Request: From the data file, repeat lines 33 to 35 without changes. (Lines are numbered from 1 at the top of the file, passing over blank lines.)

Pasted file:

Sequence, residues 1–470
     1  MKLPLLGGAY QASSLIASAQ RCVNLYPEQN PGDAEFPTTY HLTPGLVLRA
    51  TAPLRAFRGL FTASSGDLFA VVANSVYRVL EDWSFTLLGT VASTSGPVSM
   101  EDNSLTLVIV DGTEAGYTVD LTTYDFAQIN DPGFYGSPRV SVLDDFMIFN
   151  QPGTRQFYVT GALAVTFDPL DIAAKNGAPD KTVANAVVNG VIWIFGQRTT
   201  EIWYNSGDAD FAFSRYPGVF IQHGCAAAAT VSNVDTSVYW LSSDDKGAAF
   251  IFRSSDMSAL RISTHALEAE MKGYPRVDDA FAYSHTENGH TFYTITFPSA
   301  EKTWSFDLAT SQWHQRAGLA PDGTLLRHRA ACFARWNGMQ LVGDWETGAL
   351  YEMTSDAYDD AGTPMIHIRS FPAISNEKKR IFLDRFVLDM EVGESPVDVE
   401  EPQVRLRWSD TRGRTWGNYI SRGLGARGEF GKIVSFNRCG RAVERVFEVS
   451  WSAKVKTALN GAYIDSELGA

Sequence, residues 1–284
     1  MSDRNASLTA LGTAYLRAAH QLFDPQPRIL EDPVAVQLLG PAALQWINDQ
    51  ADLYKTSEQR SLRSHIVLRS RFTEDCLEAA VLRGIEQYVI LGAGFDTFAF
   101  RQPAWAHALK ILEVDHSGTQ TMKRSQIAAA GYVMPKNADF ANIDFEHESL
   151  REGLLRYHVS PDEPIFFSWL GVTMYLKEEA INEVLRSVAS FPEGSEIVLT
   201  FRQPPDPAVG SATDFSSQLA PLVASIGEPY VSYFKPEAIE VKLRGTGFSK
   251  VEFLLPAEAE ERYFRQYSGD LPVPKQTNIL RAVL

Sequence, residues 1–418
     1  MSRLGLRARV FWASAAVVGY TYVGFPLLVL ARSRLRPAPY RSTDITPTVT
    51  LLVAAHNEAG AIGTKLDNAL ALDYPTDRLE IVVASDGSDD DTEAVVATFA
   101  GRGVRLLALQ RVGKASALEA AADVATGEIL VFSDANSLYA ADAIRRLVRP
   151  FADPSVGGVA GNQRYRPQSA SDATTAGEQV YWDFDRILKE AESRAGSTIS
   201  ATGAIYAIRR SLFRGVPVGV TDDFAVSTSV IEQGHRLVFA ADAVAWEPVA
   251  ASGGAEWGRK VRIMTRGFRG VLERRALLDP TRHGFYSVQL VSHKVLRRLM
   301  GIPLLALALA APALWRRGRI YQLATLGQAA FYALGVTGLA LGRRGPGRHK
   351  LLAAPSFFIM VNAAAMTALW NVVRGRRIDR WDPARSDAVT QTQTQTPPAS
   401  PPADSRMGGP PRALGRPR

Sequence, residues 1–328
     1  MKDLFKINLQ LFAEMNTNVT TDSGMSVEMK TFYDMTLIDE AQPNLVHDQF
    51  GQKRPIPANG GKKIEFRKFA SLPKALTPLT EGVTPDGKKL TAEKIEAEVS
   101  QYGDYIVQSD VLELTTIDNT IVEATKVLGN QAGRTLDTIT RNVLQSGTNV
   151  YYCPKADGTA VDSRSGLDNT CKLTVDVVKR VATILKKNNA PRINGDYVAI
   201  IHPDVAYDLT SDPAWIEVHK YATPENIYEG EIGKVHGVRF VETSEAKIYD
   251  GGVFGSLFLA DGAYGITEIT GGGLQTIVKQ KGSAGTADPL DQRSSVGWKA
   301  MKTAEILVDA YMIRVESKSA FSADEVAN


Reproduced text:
   151  YYCPKADGTA VDSRSGLDNT CKLTVDVVKR VATILKKNNA PRINGDYVAI
   201  IHPDVAYDLT SDPAWIEVHK YATPENIYEG EIGKVHGVRF VETSEAKIYD
   251  GGVFGSLFLA DGAYGITEIT GGGLQTIVKQ KGSAGTADPL DQRSSVGWKA